Monday, October 24, 2005

Capote

 
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Dean and I saw Capote last night. Philip Seymour Hoffman does an incredible impersonation of him, even down to the annoying twangy nasal voice. Capote comes off as a very driven, and brilliant, writer; but also wickedly deceitful: he lies to just about everybody. He drinks too much and his relationship with childhood friend Nelle Harper Lee becomes strained (her book "To Kill a Mockingbird" is published, and made into a movie, and he blows her off at the premier party). His long term partner, Jack Dunphy, plays virtually no role in the movie (or the life, it seems). I was left wondering if Capote really felt for these convicted murders he was writing about (it is really just one of them that he falls for), or was it just a story he told himself. Is it enough to be a brilliant writer? Or do you have to have some personal integrity, too? Was he an untreated bipolar, who self-medicated with booze and drugs? Or just a flaming queen who burned out?

3 comments:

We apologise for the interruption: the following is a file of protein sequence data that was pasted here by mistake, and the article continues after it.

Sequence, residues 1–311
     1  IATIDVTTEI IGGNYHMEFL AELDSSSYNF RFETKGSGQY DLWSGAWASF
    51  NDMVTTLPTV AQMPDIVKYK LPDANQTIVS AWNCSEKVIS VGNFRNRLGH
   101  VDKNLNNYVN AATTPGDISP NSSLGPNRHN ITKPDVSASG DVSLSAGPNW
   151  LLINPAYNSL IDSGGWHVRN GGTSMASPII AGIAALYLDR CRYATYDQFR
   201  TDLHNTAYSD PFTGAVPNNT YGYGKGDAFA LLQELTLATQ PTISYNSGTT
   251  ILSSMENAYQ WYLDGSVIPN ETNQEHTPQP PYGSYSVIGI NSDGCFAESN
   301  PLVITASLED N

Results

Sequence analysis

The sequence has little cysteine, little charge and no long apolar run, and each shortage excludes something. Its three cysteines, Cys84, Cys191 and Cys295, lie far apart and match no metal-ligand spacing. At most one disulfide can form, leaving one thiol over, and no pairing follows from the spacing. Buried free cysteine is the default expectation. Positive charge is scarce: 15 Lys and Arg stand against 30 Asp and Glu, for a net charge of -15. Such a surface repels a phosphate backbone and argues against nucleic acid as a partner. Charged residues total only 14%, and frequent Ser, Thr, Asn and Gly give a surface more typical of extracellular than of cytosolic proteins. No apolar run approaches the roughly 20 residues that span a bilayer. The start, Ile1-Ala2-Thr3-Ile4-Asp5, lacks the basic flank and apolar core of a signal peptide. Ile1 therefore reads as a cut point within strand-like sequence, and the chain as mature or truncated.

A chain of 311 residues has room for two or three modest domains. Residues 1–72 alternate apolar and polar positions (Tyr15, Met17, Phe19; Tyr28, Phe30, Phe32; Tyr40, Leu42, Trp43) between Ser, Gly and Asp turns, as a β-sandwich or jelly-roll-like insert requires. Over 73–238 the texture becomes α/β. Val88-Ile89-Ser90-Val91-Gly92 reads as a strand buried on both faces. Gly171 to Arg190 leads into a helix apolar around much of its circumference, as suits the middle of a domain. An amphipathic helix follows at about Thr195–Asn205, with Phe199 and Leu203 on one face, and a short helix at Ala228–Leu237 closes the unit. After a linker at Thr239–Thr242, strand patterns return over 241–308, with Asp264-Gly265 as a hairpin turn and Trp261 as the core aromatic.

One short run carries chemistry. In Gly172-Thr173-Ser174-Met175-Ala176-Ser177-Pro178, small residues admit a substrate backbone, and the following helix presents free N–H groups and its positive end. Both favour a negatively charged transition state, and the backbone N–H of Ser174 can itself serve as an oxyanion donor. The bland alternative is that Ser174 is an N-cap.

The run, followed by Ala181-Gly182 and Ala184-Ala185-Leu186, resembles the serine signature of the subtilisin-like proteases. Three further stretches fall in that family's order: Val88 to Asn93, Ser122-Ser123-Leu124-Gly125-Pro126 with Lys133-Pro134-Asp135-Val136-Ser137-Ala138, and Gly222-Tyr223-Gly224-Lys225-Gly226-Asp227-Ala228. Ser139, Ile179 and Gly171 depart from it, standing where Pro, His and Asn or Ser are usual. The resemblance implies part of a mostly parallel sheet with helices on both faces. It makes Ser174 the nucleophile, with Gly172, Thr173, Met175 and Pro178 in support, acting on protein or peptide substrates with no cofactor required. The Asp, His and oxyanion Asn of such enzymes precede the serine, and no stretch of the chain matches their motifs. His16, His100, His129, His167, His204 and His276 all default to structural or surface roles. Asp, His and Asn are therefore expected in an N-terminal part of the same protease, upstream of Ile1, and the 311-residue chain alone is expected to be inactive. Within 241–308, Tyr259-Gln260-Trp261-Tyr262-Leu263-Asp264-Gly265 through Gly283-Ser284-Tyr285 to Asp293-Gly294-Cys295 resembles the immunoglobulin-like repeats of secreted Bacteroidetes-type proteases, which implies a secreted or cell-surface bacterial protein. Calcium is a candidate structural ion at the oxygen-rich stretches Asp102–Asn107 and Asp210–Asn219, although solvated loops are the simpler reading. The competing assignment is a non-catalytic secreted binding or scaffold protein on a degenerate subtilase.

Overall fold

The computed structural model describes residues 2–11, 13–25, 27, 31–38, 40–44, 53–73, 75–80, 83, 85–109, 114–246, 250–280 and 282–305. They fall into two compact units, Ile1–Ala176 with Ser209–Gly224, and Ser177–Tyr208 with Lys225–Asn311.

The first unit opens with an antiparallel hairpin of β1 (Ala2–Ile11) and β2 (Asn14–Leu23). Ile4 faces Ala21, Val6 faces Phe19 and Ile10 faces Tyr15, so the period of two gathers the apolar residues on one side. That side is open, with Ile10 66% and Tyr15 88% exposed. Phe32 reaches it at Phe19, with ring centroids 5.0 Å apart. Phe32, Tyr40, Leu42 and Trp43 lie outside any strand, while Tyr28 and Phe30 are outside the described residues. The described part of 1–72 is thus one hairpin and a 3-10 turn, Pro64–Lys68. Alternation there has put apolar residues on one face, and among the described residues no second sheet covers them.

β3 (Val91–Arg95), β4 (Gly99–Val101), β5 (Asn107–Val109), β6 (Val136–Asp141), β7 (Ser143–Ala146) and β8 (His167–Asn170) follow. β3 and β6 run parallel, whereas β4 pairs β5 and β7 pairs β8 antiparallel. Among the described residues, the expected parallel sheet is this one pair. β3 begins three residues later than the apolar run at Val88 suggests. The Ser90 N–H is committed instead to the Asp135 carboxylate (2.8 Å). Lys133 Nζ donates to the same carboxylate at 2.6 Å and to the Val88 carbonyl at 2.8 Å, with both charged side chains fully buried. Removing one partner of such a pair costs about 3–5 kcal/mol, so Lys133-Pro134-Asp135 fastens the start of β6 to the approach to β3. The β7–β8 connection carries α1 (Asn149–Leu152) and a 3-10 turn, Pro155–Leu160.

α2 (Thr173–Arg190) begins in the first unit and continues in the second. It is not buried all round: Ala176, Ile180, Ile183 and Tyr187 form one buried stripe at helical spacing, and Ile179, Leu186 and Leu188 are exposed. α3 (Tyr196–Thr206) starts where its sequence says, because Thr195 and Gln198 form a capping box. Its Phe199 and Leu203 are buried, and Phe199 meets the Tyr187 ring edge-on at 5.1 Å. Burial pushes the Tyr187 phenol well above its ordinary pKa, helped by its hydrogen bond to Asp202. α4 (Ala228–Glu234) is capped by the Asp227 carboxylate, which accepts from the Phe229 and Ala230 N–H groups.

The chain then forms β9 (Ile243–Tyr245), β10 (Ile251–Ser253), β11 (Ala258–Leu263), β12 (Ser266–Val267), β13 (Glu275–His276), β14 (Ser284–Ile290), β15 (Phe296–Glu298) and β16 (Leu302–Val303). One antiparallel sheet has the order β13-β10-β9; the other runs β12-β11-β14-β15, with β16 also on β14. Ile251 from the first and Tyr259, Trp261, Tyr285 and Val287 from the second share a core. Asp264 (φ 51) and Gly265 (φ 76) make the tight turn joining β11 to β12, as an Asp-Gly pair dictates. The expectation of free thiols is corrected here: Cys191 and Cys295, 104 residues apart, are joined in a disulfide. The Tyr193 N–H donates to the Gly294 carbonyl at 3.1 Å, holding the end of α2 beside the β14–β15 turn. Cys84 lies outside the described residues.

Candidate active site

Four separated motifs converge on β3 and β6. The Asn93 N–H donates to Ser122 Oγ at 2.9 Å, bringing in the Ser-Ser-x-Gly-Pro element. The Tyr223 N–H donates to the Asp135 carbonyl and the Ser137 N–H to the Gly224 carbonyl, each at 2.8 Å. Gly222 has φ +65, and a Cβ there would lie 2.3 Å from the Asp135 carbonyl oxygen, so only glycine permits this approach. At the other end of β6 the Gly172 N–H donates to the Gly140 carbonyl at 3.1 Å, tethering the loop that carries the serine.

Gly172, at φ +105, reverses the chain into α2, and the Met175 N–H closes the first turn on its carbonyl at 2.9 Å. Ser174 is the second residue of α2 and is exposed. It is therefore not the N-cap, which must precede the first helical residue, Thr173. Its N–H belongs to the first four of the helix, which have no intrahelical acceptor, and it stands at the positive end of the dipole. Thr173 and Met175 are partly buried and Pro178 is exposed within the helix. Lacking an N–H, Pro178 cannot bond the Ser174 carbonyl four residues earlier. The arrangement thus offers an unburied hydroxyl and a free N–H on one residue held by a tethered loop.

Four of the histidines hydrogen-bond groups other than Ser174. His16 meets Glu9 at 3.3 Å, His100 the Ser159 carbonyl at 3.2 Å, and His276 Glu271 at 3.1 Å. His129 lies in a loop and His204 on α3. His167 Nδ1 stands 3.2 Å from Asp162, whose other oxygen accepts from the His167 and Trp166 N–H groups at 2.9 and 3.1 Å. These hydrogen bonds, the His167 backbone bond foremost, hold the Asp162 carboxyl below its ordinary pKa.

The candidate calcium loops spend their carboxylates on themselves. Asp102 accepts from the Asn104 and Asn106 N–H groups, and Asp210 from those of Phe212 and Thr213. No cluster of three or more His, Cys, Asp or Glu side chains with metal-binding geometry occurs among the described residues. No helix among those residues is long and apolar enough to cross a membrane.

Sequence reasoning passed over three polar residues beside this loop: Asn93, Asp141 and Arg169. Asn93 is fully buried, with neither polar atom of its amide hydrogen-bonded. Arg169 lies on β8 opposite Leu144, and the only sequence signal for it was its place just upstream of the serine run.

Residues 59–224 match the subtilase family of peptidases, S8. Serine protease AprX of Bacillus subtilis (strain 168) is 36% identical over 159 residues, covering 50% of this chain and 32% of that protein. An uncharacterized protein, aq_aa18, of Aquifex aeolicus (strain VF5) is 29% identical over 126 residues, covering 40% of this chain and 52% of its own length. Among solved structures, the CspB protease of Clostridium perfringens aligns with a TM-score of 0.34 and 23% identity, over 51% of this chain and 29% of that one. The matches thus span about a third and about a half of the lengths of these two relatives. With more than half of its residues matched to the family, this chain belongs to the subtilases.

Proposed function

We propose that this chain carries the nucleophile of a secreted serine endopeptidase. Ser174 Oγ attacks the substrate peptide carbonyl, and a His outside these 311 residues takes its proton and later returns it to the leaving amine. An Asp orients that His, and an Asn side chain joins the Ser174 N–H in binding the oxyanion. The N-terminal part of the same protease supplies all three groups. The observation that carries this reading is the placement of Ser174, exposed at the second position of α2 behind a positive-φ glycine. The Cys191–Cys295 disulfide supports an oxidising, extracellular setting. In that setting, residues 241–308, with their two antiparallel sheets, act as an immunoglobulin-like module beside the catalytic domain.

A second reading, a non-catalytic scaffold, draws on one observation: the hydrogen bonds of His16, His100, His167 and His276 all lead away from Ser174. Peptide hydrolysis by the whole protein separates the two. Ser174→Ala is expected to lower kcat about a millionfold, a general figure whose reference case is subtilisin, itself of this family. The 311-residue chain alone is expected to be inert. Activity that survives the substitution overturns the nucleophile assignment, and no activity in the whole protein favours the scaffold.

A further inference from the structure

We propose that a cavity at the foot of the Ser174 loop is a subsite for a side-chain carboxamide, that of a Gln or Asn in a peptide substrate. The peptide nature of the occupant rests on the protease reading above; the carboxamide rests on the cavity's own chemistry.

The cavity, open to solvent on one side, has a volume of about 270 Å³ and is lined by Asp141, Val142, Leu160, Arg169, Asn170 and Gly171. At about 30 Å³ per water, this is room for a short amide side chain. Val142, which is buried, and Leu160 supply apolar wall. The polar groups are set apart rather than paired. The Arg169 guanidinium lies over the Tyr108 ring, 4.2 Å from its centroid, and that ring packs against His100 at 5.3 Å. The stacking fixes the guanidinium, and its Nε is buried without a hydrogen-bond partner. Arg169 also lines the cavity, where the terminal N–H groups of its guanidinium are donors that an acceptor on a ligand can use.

Erin B. said...

Peter, I just posted a little blurb on Capote as well. It seems Capote was all these things. The question for me is, was he startlingly talented and con man material all at once, or did he sort of fade in and out like most (I think) of the the rest of us? Good film, period. Great film for getting us talking like this.

A. J. Patrick Liszkiewicz said...

I'm dying to see this movie.

BTW--sent you an e-mail about the fantasy b-ball league. It (the league) is up and running; you can register at your convenience. And if you can think of any other blogger(s) who might be interested, feel free to send 'em my way. ; )

Collin said...

Saw this film before I went on my trip and it was brilliant. Hoffman should definitely get some awards for this. I loved the way it was filmed and Capote must have been both hilarious and monstrous to be around in real life.